18 February, Southern Leyte --- The payloader truck trudged unsteadily across the river. For the past 24 hours, it had been the bringer of grim news. On its hauler lift, rescuers carried a black body bag. Another body of a woman was recovered from the disaster site. Still unidentified, she would be known only as number 53.
As night descended, hopes that more lives would be saved also dimmed, including those of the 247 children who were in school when a landslide rolled over the remote village of Guinsaugon in the town of St. Bernard in the province of Southern Leyte. The province is in the Central Western region of the Philippines.
“We fear that we have lost the children,” said Romana Quizon, social welfare officer.
At around 9 am on 17 February, a raging slosh of mud rammed through the village of Guinsaugon. Continuous rain for the past two weeks eroded a portion of the slope of Mt. Can-abag, causing a mudslide that covered 90 per cent of the village.
Over 300 houses were buried, including the elementary school. Almost all children were in school for the annual achievement examination. Six teachers and one principal were among those buried under feet of mud and boulders.
“The mudslide buried our hopes for these school children,” Quizon said.
Twenty people have so far been rescued and treated, including a one-year old girl. The number of survivors is estimated at 400, while 1,200 more are considered missing.
An hour before the tragedy, mothers gathered at a rural health station to celebrate a recognition bestowed on the community for its women’s health program. Among them was the municipal health nurse, Athena Letigro. Letigro was said to have called up Mayor Norma Lim during the first few seconds of the disaster but the mobile line was abruptly cut.
Her husband, the municipal health officer, Dr. Freddie, could only stand at the edge of the river that bounds the village, waiting for the payloader truck to bring any news about his wife.
Duty bids him to stay at the health center to spearhead the medical emergency operations. But his fellow health workers understand the grief he is experiencing. Dr. Liza Coraza, municipal health officer of the nearby town of San Juan, appeared flustered as she led a team of medical workers and volunteers.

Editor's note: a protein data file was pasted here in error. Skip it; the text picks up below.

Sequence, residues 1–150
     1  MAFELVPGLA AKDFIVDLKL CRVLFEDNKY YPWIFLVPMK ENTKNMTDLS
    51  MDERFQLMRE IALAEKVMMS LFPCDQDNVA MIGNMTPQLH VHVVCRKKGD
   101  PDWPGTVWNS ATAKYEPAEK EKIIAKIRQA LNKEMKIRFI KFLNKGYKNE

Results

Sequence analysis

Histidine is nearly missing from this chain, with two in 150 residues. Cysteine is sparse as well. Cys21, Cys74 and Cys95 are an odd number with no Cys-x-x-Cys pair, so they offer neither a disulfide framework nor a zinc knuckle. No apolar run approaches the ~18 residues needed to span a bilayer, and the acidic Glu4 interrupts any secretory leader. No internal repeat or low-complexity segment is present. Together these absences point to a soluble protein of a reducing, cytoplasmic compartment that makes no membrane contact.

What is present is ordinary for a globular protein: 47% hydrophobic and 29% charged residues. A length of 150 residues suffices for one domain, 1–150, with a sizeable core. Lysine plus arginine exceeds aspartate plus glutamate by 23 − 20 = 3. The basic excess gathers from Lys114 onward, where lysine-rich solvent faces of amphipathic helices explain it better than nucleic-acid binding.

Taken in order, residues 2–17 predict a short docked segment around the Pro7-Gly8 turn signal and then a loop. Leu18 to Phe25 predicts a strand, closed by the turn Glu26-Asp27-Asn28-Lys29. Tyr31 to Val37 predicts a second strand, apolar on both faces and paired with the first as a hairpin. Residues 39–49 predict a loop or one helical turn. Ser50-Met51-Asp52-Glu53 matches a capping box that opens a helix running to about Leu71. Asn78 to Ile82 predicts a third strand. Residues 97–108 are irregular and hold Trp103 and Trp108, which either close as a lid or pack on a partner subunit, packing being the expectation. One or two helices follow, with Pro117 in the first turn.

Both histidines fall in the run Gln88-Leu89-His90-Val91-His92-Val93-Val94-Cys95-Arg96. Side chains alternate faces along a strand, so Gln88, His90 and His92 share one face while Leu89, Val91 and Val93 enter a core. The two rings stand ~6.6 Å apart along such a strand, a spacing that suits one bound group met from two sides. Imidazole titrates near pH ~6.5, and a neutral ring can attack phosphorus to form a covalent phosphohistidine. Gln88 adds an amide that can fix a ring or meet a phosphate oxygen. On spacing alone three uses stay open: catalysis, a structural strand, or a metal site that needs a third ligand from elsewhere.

“But we have to stand firm. Victims and other affected families need our help,” she said. Over 3,000 people from adjacent villages had been evacuated to 10 centers. Coraza and a support team had just set a four-pronged strategy to address the health and nutrition concerns of the evacuees and residents. Immediate actions would focus on environment and sanitation, surveillance, medical consultation, and nutrition.
Children from evacuation centers had complained of upper respiratory tract infections and diarrhea. A day after the tragedy, relief assistance poured in. UNICEF immediately sent an emergency pack containing essential drugs and medical equipment.
The medical assistance pack was transported to St. Bernard via a military airlift and after seven hours of grueling land travel from the city of Tacloban. Landslide rendered the national road leading to St. Bernard almost impassable.
According to Coraza, the health center desperately needs more cough syrup bottles, antibiotics, and oral rehydration solutions. “We fear that a diarrhea outbreak will erupt.” A pre-disaster test showed that drinking water in the town tested positive for amoeba.
A UN Disaster Assessment and Coordination Team will be dispatched to Southern Leyte to assess the needs of the community.
Consulting with social workers on site, UNICEF will prepare a second round of assistance, consisting of packs for 1,400 evacuated families. The packs contain mosquito nets, blankets, mats, kitchen utensils, dinnerware, and water jugs. Regional director of the Social Welfare and Development Department Leticia Corillo appealed for education assistance for 800 school children from the affected communities.
Social worker Quizon looks forward to the family packs. “The families in the evacuation centers want to cook their own meals but they have nothing to use. Receiving these family packs will somehow give them a sense of normalcy in this time of tragedy,” she said.
UNICEF Representative Nicholas Alipui said that UNICEF’s emergency fund makes it possible to respond immediately to those in need. “Our humanitarian action should be swift and appropriate.”
In January 2004, UNICEF provided emergency assistance to the towns of San Ricardo and Liloan in Souther Leyte where landslides buried two villages, killing over 200 people and affecting more than 2,000 families. Geohazards in the town of Southern Leyte had been identified since last year. The province lies on the edge of the highly unstable undersea Philippine trench and mountains are prone to weathering and erosion.
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